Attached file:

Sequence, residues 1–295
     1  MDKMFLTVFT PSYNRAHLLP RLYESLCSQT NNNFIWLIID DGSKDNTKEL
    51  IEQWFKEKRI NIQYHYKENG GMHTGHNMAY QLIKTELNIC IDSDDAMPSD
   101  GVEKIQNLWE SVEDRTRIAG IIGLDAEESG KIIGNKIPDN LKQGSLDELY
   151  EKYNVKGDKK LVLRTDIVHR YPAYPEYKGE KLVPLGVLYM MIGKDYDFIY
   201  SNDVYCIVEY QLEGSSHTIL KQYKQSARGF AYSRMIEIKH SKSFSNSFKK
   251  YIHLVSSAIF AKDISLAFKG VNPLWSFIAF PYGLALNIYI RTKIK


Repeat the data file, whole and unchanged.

Sequence, residues 1–295
     1  MDKMFLTVFT PSYNRAHLLP RLYESLCSQT NNNFIWLIID DGSKDNTKEL
    51  IEQWFKEKRI NIQYHYKENG GMHTGHNMAY QLIKTELNIC IDSDDAMPSD
   101  GVEKIQNLWE SVEDRTRIAG IIGLDAEESG KIIGNKIPDN LKQGSLDELY
   151  EKYNVKGDKK LVLRTDIVHR YPAYPEYKGE KLVPLGVLYM MIGKDYDFIY
   201  SNDVYCIVEY QLEGSSHTIL KQYKQSARGF AYSRMIEIKH SKSFSNSFKK
   251  YIHLVSSAIF AKDISLAFKG VNPLWSFIAF PYGLALNIYI RTKIK